One of the biggest challenges associated with big data is, analyzing the data. But before we get to that part, the data has to be first collected, and also for a system to process impeccably it should be able to grasp and make the data available to users. This is where Apache Kafka comes in handy.
Let’s briefly understand how Kafka came into existence? It’s developed by a team from LinkedIn in 2011, to solve the low-latency ingestion of large amounts of event data from their website and to handle real-time event processing systems. Later, it was donated to the Apache Software Foundation.
Apache Kafka has the ability to handle trillions of events occurring in a day. Kafka was initially developed for a messaging queue. A message queuing system helps in transferring data between applications so that the applications can just concentrate on the data rather than on how the data can be transferred and shared, You can also check here
Architecture of Apache Kafka
Kafka is usually integrated with Apache Storm, Apache HBase, and Apache Spark in order to process real-time streaming data. It is capable of delivering massive message streams to the Hadoop cluster regardless of the industry or use case. Its process flow can be better understood if we take a close look into its ecosystem.
It’s an deployed as a cluster implemented on one or more servers. The cluster is capable of storing topics that consist of streams of ‘records’ or ‘messages’. Every message holds details like a key and a value. Brokers are abstractions used to manage the persistence and replication of the message.
Basically, it has four core APIs:
- Producer API: This API permits applications to publish a stream of records to one or more topics.
- Consumer API: Consumer API lets applications to subscribe to one or more topics and process the produced stream of records.
- Streams API: This API takes the input from one or more topics and produce the output to one or more topics by converting the input streams to the output ones.
- Connector API: This API is responsible for producing and executing reusable producers and consumers who are able to link topics to the existing applications.
Things We Can Test in a Kafka Applications
Put simply, we can assert whether we have successfully produced (written) a particular record or stream of records to a topic. And we can also assert the consumed (fetched) record or stream of records from one or more topic(s).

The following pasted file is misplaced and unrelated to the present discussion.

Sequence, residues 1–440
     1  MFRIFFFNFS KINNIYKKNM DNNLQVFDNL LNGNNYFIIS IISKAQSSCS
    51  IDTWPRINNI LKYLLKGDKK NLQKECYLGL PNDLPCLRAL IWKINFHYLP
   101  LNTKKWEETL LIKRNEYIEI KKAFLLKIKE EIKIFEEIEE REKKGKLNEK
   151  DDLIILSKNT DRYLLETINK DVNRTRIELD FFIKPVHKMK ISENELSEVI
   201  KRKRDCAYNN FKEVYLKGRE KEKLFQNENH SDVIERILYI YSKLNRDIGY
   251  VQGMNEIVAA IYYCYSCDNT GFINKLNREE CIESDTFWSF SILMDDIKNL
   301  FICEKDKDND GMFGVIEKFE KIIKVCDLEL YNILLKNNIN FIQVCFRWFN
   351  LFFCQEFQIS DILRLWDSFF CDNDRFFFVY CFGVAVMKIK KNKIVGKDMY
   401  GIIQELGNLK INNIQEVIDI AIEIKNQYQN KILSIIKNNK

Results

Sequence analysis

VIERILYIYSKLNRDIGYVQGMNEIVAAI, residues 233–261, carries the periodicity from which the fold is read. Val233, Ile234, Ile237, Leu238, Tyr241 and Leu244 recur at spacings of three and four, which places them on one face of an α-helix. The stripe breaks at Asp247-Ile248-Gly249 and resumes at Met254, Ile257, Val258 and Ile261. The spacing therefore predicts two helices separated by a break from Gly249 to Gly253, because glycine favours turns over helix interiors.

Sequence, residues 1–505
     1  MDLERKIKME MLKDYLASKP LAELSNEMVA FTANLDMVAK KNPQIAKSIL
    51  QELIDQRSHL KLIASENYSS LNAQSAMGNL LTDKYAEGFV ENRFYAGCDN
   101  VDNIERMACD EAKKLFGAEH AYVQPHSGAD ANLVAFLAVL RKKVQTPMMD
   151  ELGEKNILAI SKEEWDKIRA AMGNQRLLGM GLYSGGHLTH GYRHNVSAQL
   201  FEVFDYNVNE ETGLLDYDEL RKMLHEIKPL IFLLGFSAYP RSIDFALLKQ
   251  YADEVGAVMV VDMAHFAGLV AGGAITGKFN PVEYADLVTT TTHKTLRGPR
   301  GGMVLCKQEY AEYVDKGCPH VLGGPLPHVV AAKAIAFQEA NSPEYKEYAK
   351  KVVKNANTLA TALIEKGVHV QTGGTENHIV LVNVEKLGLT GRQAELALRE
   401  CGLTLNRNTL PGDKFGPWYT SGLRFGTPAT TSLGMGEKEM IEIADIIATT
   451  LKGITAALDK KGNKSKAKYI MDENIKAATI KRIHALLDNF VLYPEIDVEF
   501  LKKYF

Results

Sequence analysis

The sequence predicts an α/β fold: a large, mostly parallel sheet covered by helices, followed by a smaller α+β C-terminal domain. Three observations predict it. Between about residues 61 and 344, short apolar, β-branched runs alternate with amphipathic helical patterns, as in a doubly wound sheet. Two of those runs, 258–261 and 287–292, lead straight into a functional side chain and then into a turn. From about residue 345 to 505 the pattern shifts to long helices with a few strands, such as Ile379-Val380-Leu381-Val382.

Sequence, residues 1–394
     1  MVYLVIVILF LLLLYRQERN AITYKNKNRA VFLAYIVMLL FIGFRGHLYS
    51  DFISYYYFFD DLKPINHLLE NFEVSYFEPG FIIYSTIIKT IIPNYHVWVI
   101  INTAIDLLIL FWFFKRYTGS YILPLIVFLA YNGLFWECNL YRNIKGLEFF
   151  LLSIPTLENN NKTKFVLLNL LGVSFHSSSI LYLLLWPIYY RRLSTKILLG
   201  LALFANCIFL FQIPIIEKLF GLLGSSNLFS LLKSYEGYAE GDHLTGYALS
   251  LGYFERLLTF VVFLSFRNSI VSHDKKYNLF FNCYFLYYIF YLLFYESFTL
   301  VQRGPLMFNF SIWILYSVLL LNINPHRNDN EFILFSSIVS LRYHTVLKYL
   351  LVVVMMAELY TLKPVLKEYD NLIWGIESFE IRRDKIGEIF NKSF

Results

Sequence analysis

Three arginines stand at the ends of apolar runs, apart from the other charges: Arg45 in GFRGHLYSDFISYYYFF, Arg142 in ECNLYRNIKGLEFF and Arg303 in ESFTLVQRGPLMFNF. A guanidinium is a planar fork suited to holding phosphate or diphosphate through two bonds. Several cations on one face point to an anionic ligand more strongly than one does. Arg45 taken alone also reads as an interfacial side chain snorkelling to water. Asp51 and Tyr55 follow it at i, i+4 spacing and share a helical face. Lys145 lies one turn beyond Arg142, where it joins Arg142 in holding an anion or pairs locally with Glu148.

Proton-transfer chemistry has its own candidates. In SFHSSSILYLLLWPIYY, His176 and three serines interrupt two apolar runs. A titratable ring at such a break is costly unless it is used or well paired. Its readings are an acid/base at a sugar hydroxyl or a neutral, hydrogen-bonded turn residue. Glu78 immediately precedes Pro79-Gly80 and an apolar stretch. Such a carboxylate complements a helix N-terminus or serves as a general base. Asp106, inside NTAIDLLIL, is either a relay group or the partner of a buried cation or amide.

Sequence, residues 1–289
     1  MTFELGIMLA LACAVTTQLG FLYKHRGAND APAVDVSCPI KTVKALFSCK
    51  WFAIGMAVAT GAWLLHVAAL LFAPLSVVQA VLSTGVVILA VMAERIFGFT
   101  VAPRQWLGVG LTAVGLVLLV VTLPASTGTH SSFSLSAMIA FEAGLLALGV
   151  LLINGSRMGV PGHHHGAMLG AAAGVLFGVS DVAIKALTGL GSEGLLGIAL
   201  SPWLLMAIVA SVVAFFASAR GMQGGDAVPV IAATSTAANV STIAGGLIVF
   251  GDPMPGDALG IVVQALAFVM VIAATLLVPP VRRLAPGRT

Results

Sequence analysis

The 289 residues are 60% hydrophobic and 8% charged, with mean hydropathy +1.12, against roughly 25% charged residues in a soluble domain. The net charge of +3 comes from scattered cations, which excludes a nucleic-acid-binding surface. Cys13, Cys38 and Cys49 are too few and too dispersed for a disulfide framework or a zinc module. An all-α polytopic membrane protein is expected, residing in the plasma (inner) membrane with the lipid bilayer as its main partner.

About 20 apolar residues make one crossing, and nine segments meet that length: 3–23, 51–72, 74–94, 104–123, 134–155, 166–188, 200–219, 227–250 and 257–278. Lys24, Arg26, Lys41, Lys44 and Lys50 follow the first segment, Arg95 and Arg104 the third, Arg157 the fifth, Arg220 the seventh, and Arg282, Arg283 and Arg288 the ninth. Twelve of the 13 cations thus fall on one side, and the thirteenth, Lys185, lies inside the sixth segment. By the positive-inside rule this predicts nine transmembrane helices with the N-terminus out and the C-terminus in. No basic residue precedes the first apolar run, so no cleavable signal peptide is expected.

Also, we can dive in further and assert at granular levels, for instance :
- Whether we have produced the record to a particular partition.
- The type of record we are able to produce or consume.
- The number of records written to a topic or fetched from a topic.
- The offset of the record.
- Sending and receiving AVRO or JSON records and asserting the outcome.
- Assert the DLQs (Dead Letter Queue) record(s) and the record-metadata.
- Schema Registry for AVRO and validate records.
- And KSQL of querying streaming data in a SQL fashion and validate the result.
Kafka Testing Challenges
The difficult part is some part of the application logic or a DB procedure keeps producing records to a topic and another part of the application keeps consuming the records and continuously processes them based on business rules.
The records, partitions, offsets, exception scenarios, etc. keep on changing, making it difficult to think in terms of what to test, when to test, and how to test.
Testing Solution Approach
We can go for an end-to-end testing approach which will validate both producing, consuming, and DLQ records as well as the application processing logic. This will give us good confidence in releasing our application to higher environments.
We can do this by bringing up Kafka in dockerized containers or by pointing our tests to any integrated test environment somewhere in our Kubernetes-Kafka cluster or any other micro-services infrastructure.
Here we pick a functionality, produce the desired record and validate, consume the intended record and validate, alongside the HTTP REST or SOAP API validation which helps in keeping our tests much cleaner and less noisy.
To keep the tutorial concise, we will demonstrate only the below aspects.
When we produce a record to a topic we can verify the acknowledgment from a Kafka broker. This verification is in the format of ‘ recordMetadata ‘ .
For example, visualizing the “recordMetaData” as JSON would look like:
When we read or consume from a topic we can verify the record(s) fetched from the topics. Here we can validate/assert some of the metadata too, but most of the time you might need to deal with the records only (not the metadata).
There may be times, for instance, that we validate only the number of records, i.e. the size only, not the actual records
For example, visualizing the fetched “records” as JSON would look like:
The full record(s) with the meta-data information looks like what we’ve got below, which we can also validate/assert if we have a test requirement to do so.
In this short tutorial, we learned some fundamental concepts of Kafka and the minimum things we need to know before proceeding with Kafka Testing. Also, we learned what all things we can cover in our testing.